This year during Black History Month, Pritchard saw more teachers than usual educating students about Black history. And as part of the Black Lives Matter at School week of action, held during the first week in February, students from the Black Student Union spoke about Black leaders and culture at district elementary schools. 

“We went outside of the box and taught beyond slavery, civil rights, and MLK,” said Roberson, adding that her own grade-school education about Black history had been limited to just a few, well-worn narratives.

Together with his colleagues in the African American Studies Department, Pritchard put together a proposal for a Black Scholar Center, an after-school program devoted to Black student success that provides mentorship and activities. The high school principal is considering their proposal. 

“We’re constantly pushing the district to fund the African American Studies Department,” said Pritchard, who would love for the district to hire more teachers to the department. There are currently three teachers, but only one of them teaches African-American Studies courses full-time.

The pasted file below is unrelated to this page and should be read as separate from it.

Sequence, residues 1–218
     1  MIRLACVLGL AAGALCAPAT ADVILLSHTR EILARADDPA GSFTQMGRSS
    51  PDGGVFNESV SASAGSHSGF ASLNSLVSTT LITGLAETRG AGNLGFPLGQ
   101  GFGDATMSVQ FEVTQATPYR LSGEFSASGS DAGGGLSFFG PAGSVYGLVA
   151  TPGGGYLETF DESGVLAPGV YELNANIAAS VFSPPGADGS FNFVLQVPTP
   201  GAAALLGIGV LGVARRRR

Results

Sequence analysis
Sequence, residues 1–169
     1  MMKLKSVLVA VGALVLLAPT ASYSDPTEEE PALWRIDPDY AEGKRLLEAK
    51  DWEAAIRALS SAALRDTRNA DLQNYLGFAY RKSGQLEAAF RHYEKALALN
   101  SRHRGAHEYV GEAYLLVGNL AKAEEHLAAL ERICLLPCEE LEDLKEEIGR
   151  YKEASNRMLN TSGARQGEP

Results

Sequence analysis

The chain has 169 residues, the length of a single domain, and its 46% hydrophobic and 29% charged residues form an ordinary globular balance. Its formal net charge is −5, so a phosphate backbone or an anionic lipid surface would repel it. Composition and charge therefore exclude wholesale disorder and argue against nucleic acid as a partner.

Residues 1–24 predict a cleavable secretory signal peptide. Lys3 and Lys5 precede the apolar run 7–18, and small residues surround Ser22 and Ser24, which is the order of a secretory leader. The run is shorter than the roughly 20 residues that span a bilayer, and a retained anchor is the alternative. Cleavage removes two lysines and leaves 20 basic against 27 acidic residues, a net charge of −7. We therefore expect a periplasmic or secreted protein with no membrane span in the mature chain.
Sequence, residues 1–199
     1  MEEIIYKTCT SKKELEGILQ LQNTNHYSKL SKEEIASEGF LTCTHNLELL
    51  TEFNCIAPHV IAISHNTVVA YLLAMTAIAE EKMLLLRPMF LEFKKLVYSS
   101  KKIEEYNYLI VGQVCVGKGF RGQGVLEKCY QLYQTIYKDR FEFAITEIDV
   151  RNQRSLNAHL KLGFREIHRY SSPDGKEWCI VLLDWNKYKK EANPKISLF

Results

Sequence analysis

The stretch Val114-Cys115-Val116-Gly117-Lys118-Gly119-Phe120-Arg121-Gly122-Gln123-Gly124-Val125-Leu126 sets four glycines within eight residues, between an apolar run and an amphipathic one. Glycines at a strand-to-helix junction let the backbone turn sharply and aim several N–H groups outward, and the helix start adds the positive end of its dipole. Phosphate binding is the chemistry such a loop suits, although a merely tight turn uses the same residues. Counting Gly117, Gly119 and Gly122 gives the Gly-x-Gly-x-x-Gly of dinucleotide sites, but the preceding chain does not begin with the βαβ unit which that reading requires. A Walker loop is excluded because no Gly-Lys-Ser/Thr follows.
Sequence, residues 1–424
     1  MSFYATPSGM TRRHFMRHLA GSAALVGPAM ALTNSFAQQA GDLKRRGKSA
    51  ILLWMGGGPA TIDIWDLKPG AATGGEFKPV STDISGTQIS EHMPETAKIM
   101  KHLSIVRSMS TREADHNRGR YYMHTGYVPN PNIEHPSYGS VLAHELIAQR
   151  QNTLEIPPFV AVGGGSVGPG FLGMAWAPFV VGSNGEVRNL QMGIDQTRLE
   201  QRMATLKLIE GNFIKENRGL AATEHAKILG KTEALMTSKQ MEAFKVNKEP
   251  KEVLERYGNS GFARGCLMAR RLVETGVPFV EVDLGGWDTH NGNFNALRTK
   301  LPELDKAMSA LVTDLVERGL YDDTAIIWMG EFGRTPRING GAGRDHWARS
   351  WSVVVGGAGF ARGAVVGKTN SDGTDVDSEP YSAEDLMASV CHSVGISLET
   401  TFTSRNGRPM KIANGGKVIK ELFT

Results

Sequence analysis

What matters is that we keep talking about it 

“There’s so much work that needs to be done, but we’ve come a long way since the passing of George Floyd,” said Shayla Avery, 17, a senior who co-organized the protests in Berkeley last June. 

In the past year, Avery said she has seen more openness to conversation about racial injustice. She has remained involved in the Black Lives Matter movement through her organization, Youth Protect the Bay, and spoke with Berkeley middle school students about racial injustice.

One year later, “the fact that people are still reaching out to wanting to hear my voice” gives Avery hope that more change is on the horizon. 

For Roberson, the anniversary of George Floyd’s murder provides an opportunity for people to “think about how they felt last year when it first happened and implement that energy every day.” That way, Roberson said, the momentum to improve our communities is not lost.

Ally Markovich covers education for Berkeleyside. Email: ally@berkeleyside.org. Twitter: allymarkovich.